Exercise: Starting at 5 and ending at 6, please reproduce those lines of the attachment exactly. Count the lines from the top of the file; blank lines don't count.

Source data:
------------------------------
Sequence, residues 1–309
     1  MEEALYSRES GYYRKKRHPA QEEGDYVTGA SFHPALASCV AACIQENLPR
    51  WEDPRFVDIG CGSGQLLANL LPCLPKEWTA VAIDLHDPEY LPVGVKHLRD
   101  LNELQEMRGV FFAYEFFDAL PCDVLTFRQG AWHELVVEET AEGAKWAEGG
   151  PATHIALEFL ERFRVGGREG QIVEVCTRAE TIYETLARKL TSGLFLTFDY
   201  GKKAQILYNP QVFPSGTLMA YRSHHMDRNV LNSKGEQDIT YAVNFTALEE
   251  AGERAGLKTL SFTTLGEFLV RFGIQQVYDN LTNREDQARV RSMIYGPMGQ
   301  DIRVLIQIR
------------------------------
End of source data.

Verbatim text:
   151  PATHIALEFL ERFRVGGREG QIVEVCTRAE TIYETLARKL TSGLFLTFDY
   201  GKKAQILYNP QVFPSGTLMA YRSHHMDRNV LNSKGEQDIT YAVNFTALEE